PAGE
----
5:23 AM Jun 29, 1994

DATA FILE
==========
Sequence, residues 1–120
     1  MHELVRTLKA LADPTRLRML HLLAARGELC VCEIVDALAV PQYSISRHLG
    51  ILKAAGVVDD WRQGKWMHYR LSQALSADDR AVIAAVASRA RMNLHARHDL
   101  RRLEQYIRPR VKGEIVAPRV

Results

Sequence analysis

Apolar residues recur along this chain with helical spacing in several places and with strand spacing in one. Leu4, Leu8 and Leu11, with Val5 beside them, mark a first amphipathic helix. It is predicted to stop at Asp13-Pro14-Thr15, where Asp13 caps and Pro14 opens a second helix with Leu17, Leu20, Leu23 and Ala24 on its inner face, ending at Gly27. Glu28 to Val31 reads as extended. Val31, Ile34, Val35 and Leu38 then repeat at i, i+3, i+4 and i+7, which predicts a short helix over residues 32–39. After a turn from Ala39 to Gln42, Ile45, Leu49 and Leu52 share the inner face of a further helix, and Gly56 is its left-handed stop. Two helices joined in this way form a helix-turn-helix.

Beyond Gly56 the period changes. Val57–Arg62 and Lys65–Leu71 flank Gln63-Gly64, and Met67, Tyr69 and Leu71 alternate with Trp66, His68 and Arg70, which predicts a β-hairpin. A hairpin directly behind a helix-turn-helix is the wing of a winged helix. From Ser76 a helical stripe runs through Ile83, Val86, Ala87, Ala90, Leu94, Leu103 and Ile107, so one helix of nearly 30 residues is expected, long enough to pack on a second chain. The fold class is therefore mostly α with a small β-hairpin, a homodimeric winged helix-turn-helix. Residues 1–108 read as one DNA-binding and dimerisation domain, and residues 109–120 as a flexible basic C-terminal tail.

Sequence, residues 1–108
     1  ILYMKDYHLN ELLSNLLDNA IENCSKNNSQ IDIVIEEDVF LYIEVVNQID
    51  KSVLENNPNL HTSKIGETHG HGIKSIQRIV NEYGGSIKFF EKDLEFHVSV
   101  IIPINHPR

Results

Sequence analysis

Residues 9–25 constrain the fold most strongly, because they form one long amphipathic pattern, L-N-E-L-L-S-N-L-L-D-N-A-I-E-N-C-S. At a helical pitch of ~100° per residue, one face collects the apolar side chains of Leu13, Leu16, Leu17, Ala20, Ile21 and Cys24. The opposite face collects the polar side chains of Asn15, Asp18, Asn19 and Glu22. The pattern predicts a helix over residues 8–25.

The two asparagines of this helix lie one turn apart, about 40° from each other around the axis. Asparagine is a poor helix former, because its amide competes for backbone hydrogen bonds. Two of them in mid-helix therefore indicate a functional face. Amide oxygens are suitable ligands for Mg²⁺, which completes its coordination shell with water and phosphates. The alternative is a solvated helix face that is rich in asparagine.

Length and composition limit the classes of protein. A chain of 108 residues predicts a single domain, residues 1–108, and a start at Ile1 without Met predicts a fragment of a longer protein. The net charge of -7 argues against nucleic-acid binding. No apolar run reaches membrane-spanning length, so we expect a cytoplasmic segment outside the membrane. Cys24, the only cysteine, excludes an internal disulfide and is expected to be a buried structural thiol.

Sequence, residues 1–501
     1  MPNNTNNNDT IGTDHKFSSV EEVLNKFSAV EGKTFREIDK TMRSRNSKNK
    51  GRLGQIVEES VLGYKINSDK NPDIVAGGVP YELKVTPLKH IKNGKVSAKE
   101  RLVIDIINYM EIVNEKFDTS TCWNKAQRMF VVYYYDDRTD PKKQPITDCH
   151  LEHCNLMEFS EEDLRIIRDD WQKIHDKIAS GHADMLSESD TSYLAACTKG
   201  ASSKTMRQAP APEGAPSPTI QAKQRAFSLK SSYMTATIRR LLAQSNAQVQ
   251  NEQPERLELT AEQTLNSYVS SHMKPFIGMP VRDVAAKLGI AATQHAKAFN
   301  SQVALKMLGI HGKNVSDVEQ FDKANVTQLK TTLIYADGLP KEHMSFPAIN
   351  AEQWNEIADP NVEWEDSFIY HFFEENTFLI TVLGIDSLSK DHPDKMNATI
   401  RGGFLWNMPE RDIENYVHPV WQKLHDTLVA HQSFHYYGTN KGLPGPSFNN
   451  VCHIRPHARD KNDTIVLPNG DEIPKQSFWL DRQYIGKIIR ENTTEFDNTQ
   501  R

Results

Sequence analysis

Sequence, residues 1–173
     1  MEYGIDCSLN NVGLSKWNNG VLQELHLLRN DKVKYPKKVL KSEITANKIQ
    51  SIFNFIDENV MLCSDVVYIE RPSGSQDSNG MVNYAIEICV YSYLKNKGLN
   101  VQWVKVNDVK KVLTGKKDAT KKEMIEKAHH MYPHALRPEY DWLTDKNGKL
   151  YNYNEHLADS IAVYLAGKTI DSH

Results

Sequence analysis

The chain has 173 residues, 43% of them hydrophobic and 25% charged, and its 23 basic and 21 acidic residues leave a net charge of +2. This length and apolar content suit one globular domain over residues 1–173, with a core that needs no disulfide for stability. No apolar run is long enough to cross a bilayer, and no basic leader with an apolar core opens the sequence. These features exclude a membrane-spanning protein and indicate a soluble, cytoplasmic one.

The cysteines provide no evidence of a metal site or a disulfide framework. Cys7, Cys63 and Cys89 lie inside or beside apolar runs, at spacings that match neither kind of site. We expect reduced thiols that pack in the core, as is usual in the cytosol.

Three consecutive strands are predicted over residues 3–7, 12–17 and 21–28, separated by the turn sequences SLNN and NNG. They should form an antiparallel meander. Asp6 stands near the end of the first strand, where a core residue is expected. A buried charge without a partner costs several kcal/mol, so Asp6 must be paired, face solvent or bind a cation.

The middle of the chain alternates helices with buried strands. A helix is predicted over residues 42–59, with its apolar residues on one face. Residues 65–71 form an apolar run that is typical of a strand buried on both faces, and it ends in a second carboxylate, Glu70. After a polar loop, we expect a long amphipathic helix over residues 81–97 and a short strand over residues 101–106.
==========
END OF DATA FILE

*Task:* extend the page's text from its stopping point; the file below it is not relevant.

GATT WORKING PARTY ON CHINA RESUMESGeneva 28 June (Chakravarthi Raghavan) -- The GATT working party on China's resumption of status in the General Agreement resumed its work on Tuesday -- with China pressing for accelerated work to enable it to join the World Trade Organization as a original member and some of the industrialized countries privately expressing doubts whether it could be accomplished. Chinese vice-Minister Gu Yongjiang told the working party that the issue of China's joining the WTO as an original member of the WTO was "of vital importance to our country" and to the WTO itself and towards this China was ready to consult at any level and anywhere with any of the contracting parties. The negotiations of China for resumption of its status has been going on for eight years, but it is only recently that the talks are trying to come to grips with the problems. China pressed at the meeting for setting a time-table to complete work on the protocol, as well as related bilateral and other discussions and negotiations, to enable the work to be completed well in time before the end of the year. One of the points and issues relates to China's view that as a developing country, it should get the same transition period as other developing country contracting parties under the provisions of the WTO and its annexed agreements. The United States and the EU are reported to have some reservations. The two also have differences on the kind of conditions that should be put on China for its entry, including any special safeguard measures until China's full transformation into a 'market economy'. The discussions in the working party this week are also expected to focus on the "Foreign Trade Law" enacted by the Chinese National People's Congress in May. Both in the informal consultations and at the formal meeting, China was asked to give some detailed clarifications on the provisions of this law and the regulations to go with it. A major emphasis on the part of the US, EU and others was on the transparency of the regime and its administration and compliance with the obligations in GATT and the WTO. While the recent decision of US President Bill Clinton in delinking the human rights issues in China from the MFN treatment for Chinese exports to the US have removed political roadblocks, there are still some major questions relating to the Chinese trade regime, and the speed with which China could bring its regime in line with the GATT/WTO obligations, the transition provisions that several of China's trading partners want until a market-based economy and trade system is functioning internally. The meeting of the working party, under the chairmanship of former Swiss Ambassador to the GATT, Pierre-louis Girard, was preceded Monday by informal consultations. Girard has also prepared a socalled 'non-paper' containing "elements" suggested by various contracting parties on the kind of provisions they would like to see in the protocol to be drawn up. While Girard's original intention had been to draw up a draft protocol, as a basis for discussion and further work, incorporating the various suggestions that he had asked cps to put forward at the last meeting, he would appear now to have merely provided a "non-paper". Speaking at the working party Tuesday, the Chinese vice-minister Gu Yongjiang noted that the 'non-paper' contained requests from all cps, and China would try to provide its views, and its limits of acceptance of some of the provisions suggested. Gu hoped that the discussions this week would enable a consensus to be reached on some of the main issues so that a formal document on the China protocol could be prepared and the process could move forward. The Foreign Trade Law, Gu said, would placed China's foreign trade under the rule of law and would result in transparency and stability and enable promotion of trade between China and its trading partners. On the issue of market access, he said, since June 1994, China had eliminated over 200 non-tariff measures (NTMs) governing imports. The GATT secretariat had also been provided with non-tariff measure administration lists. Some of the existing NTMs further reduced during the negotiations with the cps. As for its schedules of concessions in agriculture and services, China would take into account views of cps and make suitable modifications or make improvements. China was one of the non-GATT cps, participating in the Uruguay Round, which signed the Marrakesh Final Act and has annexed its schedules. These are however subject to further negotiations, verification and acceptance as part of the accession process. Gu noted that the talks on Chinese resumption of status has been going on for eight years, and during the course of these it has taken a number of reform measures. Gu also claimed that as a result China's market openness has exceeded those of many contracting parties and in some even areas even of some developed contracting parties. The Chinese vice-minister said that "the patience of the general public of China" over GATT re-entry was also facing a serious test and hoped for these reasons there would be joint efforts to ensure China joining the WTO as a founding member. After the discussions in this week's working party and the 'requests' received from various contracting parties, China would put forward a package proposal based on the principle of balance of rights and obligations and China's economic and trade restructuring, Gu said. "Based on GATT and WTO requirements on developing countries, this comprehensive package would be designed to meet the demands of contracting parties to the maximum extent possible," Gu said. "However, the time of implementation for this package will be linked with the time of resumption of China's GATT status and its entry into WTO as a founding member. "For those things, we are unable to do, we would honestly tell contracting parties, and as a developing country, China can only assume obligations commensurate with the level of its economic development and the obligations China undertakes for resumption of its GATT status must be compatible with the process of China's economic and trade restructuring. Only in this way can the Resumption negotiations be conducive to the establishment of a sound market economic system in China and to the social stability and sustainable economic growth as well."